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  • Sport

Galway heroes of 1998 are all gone now

Wednesday, 5th December, 2012 10:50am


THEY were the men who did it all for Galway. In their retirement from inter-county football they had the huge satisfaction of knowing they'd been there, done that and worn the Tommy Varden jersey.

Padraic Joyce was the last of the golden generation to depart the big stage and bring down the Maroon and White curtain on a great, hugely entertaining show that was a smash hit with audiences everywhere from the summer of 1998 to when it all ended — prematurely, all Gaeldom felt — on the first Sunday of August 2002, in an All-Ireland quarter-final defeat by Kerry, 2-17 to 1-12.

Incredibly, Galway have not won a Senior Championship football match at Croke Park since the 2001 All-Ireland final victory over Meath, 0-17 to 0-8.

That's still hard to credit. Padraic Joyce is the last member of the two winning teams (1998 and '01) to retire from county football, following the retirement of Joe Bergin six weeks ago, while Kieran Fitzgerald departed the county scene in early February 2011 and a few years earlier several long-serving players, including Declan Meehan, Paul Clancy and Jarlath Fallon, kept their Galway careers going for as long as their legs carried them into top-class action.

A few others, including Derek Savage, Kieran Fitzgerald and Tommie Joyce, are still playing good football for their clubs at senior level and Joe Bergin will again be out there in the centre of the field for Mountbellew-Moylough in next year's County Championship.

But looking back to the glory year of 1998, now it seems so long ago since Ray Silke was leading them out; since Tomás Meehan and Tomás Mannion were manning the corner-back berths, a sturdy, determined Martin Mac safe and sound on the goal-line behind them; since a carefree, young John Divilly was driving the ball 70 and 80 yards off his hands up to the full-forward line; since lanky Seán Ó Domhnaill was catching the high ones that Kevin Walsh didn't bother going up for.

And so very long ago now, it seems, since the dynamic young Michael Donnellan was fast, thrilling, electrifying — for St Jarlath's and for Galway. No defender could stop him; the crowds turned up to watch him "take off" from one end of the field to the other. They were the halcyon days, the glory days.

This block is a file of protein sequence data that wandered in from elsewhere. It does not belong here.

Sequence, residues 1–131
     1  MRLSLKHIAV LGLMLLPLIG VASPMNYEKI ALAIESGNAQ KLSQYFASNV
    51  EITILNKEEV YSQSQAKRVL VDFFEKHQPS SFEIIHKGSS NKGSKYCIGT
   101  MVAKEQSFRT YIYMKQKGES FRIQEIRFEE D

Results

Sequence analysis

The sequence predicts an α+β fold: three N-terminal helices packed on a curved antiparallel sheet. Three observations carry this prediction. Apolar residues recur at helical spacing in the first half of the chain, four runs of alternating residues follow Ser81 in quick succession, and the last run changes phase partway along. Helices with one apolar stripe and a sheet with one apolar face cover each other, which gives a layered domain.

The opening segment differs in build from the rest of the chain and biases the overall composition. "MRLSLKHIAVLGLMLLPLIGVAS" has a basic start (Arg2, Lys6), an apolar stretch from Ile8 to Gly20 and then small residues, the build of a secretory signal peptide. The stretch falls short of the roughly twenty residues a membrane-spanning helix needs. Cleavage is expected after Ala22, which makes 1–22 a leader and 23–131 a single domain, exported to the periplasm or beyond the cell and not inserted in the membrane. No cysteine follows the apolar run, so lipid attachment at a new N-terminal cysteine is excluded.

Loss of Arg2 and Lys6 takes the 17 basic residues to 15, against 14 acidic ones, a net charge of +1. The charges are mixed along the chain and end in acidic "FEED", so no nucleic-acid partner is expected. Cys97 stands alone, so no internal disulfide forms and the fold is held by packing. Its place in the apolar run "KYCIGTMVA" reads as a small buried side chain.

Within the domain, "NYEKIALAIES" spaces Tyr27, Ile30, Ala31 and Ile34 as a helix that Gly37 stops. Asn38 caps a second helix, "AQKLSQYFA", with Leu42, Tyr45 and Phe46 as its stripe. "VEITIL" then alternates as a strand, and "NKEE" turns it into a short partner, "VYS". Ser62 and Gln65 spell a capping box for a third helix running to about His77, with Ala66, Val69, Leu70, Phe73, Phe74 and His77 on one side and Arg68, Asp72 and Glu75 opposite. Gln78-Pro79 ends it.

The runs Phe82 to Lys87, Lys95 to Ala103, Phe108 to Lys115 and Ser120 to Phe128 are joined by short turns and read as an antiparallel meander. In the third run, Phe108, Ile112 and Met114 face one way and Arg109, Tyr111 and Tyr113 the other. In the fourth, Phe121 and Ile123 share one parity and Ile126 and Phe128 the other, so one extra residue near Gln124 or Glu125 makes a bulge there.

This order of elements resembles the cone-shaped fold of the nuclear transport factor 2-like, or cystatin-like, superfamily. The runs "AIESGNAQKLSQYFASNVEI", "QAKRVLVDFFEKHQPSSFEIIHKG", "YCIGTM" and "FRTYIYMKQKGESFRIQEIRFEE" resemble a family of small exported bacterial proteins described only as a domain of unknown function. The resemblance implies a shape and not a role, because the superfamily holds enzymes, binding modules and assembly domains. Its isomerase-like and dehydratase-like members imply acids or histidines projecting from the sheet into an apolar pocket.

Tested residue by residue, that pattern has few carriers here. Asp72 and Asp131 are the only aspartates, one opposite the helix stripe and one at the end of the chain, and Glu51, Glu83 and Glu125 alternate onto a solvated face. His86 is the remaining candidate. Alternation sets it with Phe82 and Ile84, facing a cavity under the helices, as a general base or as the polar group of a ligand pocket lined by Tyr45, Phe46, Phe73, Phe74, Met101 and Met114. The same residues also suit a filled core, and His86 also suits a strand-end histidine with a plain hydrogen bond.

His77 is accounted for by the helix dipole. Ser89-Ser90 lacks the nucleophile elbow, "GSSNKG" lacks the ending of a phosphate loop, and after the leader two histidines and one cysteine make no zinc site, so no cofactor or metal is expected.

It was magical, too, in 2001. Although not quite as exciting as 1998, except for Declan Meehan's blistering runs up the right wing and Padraic Joyce's ten points in the All-Ireland final against a shell-shocked Meath rearguard.

0-10 — five from frees, five from play, left and right.

One man hit ten points in an All-Ireland final — it was two points more than the whole Meath team got!

The star of the "Maurice Fitzgerald final" in 1997 scored only nine points!

Joking, of course; they were two truly great forwards, on the pantheon of greatness alongside Peter Canavan, Séamus Moynihan, Darragh Ó Sé, Colm Cooper, Michael Murphy, two or three more from Galway, and some I remember from earlier decades, such as Matt Connor, Mikey Sheehy, Dermot Earley and Tony McManus. It was a privilege to watch them all play Gaelic football as they gave beautiful expression to their extraordinary sporting talent.

Padraic Joyce won two All-Ireland Senior Championship titles; six Connacht senior titles; three All-Stars; four County Senior Championships with his beloved Killererin; an All-Ireland Colleges Hogan Cup victory, as captain of St Jarlath's, Tuam in 1994; and a Sigerson Cup medal with I.T. Tralee.

He represented Ireland as a player, as a winning captain, and later as a selector, in International Rules against Australia.

One more ‘stat' from that great year, 2001: he scored 3 goals and 45 points in the whole Championship. It was 16 points clear of his nearest challenger, Ger Heavin of Westmeath.

His overall record in Championship football for Galway is: Played 65 Championship matches (15 seasons). Scored: 12 goals and 231 points. Average: 4.1 pts per game.